THE COVENTRY bin lorry driver strike which has gone on for six months has now ended after a deal was struck between the Unite union and the city council.
Industrial action began in January when around 80 drivers, backed by the union, claimed they were not being paid enough for the job they did.
But ACAS stated the employees’ Grade 5 salaries for the job they did was the correct level and – looking at the process that came to the original decision – said it found it had been ‘undertaken in a fair and open manner’.
The workers persisted with the strike and now a deal has been reached with Unite saying the drivers have received a pay rise up to 12.9 per cent, worth an estimated £3,600-per-year.
The union added the deal also included Christmas bonuses worth around £4,000 were included and disciplinary charged against Unite shop steward Pete Randle had been dropped.
Coventry City Council expressed its frustration at the amount of time it took to agree the deal saying ‘core elements of the agreement were on the table before the drivers even balloted on strike action’.
“This unnecessary delay has meant the council has had to deal with a net cost pressure of more than £4million, through a mixture of paying for mitigation measures to ensure Coventry residents continued to receive waste collection services and a substantial loss in commercial waste income.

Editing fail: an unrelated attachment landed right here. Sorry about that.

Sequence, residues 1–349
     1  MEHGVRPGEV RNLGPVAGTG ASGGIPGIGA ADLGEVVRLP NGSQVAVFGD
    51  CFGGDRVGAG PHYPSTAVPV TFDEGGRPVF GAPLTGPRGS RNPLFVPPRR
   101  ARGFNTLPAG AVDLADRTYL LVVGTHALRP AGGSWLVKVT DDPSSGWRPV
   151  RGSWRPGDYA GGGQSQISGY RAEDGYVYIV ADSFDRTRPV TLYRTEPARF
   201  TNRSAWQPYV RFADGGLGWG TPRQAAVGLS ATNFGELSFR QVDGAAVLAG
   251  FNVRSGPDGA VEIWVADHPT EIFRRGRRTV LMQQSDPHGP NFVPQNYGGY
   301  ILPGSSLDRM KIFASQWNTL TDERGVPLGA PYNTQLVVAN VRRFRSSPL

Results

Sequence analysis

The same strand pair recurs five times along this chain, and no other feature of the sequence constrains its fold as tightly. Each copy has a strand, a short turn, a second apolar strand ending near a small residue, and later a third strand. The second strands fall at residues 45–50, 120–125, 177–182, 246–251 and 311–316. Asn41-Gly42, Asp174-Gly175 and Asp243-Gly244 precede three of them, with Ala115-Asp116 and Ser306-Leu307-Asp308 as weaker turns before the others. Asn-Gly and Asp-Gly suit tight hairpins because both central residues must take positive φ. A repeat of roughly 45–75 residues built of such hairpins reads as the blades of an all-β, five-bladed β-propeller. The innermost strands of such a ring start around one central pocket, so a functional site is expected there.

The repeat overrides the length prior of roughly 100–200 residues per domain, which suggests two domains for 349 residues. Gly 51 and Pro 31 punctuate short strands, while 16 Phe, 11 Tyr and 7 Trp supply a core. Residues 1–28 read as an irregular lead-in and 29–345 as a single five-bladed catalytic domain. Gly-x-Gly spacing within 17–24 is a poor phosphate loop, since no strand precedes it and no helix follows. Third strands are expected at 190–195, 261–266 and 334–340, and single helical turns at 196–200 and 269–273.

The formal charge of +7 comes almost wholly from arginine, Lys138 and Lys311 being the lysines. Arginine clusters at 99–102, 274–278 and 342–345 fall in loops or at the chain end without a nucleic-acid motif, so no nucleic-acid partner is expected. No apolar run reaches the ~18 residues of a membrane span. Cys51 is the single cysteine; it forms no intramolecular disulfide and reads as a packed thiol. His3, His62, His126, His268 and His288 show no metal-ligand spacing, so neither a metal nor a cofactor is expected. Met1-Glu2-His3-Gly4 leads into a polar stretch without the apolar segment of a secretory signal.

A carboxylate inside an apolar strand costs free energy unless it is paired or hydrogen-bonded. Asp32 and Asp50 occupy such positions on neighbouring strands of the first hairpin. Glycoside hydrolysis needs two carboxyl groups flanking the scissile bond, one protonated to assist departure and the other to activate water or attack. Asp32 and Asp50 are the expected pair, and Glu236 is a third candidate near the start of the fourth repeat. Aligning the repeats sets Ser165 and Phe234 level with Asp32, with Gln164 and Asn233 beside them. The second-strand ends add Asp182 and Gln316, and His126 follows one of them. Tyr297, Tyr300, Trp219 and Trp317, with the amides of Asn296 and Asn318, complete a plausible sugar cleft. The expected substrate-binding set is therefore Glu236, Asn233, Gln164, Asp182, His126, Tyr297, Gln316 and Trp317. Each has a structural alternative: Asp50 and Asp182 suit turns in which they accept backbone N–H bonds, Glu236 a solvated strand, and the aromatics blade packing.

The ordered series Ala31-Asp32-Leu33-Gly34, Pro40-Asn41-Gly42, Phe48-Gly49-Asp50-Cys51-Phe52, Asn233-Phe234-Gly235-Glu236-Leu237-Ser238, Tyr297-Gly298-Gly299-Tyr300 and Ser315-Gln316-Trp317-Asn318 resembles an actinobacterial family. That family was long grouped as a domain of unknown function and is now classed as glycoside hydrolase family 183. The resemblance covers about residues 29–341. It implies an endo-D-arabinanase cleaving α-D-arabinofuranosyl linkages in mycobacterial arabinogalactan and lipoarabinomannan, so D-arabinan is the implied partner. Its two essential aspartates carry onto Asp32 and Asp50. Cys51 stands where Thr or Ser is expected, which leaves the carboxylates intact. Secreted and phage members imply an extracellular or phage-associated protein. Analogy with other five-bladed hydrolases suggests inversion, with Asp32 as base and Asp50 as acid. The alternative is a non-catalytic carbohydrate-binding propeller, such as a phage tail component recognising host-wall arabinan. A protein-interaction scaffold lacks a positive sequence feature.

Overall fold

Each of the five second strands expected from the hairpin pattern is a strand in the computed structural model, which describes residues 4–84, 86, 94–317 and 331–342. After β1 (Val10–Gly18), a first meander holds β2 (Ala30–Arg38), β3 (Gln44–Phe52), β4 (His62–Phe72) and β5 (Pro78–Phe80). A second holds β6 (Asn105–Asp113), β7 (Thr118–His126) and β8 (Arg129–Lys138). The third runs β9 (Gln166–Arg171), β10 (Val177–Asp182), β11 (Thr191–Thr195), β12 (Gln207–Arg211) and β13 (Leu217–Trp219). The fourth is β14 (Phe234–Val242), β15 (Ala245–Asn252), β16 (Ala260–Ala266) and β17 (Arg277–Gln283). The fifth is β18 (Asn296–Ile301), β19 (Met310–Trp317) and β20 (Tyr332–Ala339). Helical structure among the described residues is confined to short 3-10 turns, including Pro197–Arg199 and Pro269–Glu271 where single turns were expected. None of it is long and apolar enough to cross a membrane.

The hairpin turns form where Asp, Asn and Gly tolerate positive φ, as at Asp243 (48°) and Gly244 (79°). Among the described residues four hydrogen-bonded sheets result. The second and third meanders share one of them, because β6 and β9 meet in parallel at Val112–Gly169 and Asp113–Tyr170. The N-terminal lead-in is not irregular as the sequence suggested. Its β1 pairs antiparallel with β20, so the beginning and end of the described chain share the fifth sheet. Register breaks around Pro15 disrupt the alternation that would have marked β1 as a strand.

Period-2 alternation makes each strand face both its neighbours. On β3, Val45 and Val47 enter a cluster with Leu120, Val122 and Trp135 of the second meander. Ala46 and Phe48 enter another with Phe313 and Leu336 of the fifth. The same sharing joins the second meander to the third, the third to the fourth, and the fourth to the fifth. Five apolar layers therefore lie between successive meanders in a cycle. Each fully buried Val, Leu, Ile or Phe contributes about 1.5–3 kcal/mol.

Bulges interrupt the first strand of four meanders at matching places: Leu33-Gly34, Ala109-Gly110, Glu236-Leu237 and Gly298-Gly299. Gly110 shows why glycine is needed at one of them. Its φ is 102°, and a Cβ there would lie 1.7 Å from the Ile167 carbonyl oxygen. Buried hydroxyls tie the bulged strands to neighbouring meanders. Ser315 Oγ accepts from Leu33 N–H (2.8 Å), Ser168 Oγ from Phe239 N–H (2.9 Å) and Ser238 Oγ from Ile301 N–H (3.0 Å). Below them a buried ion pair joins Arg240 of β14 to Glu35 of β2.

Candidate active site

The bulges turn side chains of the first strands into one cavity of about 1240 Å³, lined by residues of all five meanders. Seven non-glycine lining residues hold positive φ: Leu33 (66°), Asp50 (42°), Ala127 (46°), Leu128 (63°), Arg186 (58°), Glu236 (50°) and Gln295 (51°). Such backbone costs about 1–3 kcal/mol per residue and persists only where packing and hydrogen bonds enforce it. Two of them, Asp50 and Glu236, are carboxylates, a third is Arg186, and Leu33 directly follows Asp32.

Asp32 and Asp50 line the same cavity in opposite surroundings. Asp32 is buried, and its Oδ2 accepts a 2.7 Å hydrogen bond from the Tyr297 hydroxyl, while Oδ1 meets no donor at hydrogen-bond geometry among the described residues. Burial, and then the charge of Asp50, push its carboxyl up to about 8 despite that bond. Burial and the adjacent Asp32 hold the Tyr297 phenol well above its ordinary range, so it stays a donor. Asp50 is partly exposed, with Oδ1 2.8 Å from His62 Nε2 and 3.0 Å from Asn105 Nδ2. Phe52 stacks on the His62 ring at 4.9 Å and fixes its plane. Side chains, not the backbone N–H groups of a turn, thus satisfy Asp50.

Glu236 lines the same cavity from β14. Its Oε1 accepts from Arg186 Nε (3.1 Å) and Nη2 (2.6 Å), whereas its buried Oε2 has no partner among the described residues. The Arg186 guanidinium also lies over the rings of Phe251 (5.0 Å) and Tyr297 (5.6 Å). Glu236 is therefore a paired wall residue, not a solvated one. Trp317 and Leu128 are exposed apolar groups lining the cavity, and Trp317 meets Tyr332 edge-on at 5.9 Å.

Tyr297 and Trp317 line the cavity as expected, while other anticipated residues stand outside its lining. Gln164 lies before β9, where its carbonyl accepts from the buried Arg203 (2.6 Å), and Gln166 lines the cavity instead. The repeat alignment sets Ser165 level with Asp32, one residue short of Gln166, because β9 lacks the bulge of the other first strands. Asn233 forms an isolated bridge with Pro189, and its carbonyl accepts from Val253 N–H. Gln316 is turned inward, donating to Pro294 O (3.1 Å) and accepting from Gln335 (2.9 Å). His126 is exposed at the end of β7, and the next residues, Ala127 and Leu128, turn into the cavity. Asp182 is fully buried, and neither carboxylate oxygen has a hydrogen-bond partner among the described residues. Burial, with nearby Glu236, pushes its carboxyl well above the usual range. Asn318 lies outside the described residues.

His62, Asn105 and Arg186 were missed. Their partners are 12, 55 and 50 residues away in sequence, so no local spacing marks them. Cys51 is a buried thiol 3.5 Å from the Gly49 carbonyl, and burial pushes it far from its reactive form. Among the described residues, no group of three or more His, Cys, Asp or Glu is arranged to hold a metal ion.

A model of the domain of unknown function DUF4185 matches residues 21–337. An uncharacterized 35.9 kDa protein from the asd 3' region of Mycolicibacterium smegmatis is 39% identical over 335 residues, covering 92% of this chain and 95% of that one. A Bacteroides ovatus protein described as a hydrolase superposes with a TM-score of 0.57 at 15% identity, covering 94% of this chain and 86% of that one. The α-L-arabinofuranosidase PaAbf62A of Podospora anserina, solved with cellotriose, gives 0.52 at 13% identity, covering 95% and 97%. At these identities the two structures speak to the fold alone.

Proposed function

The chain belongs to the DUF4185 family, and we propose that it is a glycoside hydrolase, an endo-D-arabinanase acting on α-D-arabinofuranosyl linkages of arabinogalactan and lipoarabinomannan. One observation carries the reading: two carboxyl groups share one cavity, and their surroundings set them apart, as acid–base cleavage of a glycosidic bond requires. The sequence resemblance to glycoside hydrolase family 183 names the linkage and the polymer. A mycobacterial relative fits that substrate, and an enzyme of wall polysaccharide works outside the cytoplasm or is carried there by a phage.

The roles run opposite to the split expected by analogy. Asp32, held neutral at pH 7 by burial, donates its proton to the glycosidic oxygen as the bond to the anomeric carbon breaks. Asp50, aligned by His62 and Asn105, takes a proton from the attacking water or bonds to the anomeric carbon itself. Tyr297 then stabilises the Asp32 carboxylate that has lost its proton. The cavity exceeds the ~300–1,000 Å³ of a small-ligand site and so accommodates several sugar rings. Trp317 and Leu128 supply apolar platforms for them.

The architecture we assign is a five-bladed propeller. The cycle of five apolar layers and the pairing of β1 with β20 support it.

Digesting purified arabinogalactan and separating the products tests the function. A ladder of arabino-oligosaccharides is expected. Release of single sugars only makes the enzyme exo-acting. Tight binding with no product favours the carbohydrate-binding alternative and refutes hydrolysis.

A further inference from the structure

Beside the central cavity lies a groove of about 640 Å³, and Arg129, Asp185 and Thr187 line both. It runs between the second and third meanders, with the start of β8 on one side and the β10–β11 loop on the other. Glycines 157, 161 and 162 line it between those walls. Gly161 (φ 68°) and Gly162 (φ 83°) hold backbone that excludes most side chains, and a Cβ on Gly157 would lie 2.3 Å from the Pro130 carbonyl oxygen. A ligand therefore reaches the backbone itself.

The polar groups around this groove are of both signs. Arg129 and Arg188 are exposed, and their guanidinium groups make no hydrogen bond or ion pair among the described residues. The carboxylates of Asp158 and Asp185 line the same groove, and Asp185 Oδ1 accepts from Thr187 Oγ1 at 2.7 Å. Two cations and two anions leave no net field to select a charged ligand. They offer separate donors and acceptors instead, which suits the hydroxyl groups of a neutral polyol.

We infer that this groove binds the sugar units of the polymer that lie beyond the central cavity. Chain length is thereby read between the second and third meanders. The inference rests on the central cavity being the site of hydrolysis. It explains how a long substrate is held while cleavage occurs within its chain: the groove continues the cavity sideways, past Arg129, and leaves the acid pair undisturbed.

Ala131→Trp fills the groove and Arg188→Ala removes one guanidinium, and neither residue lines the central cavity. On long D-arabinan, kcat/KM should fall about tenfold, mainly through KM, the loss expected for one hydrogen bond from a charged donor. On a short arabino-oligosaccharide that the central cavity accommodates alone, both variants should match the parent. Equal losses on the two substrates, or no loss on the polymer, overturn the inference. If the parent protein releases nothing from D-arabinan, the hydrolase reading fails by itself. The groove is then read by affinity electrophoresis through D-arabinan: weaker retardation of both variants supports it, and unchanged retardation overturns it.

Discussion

“During the last seven months of the strike, it has at times felt like more than an employment dispute.
“Council officers trying to deliver public services and elected members – particularly in the run-up to the May elections – were targeted through coordinated and misleading attacks made through a supposed community activist group that received Unite funding.
“However, today’s agreement – which does not include bin lorry drivers’ pay rising to Grade 6 which was one of the initial strike demands – brings Unite’s strike action to an end.”
It added the deal had also been approved by the GMB and Unison which were keen to ensure there had been no breach of equal pay laws that could affect their members.
The council said that was a real risk from Unite’s initial demands which could have cost the authority up to £30million each year in claims.
The bin lorry drivers have been on strike since the turn of the year, but residents have been receiving waste services as normal for much of that time.
Mitigation measures such as waste drop-off points and sub-contracting out the striking part of the statutory service meant Coventry did not suffer the fate of significant rubbish build-ups like other cities where strike action has taken place.
“Coventry City Council would like to place on record its thanks to the bin collectors and other staff in waste services who continued to work hard for the city throughout the long-running dispute.”
Unite General Secretary Sharon Graham said: “This continuous action has delivered real terms pay increases for our members.
“It is quite frankly wrong that our members were forced to take this action against a Labour council, but Unite will always back its members against any employer who refuses to negotiate.
“I am very proud of our reps and members today.”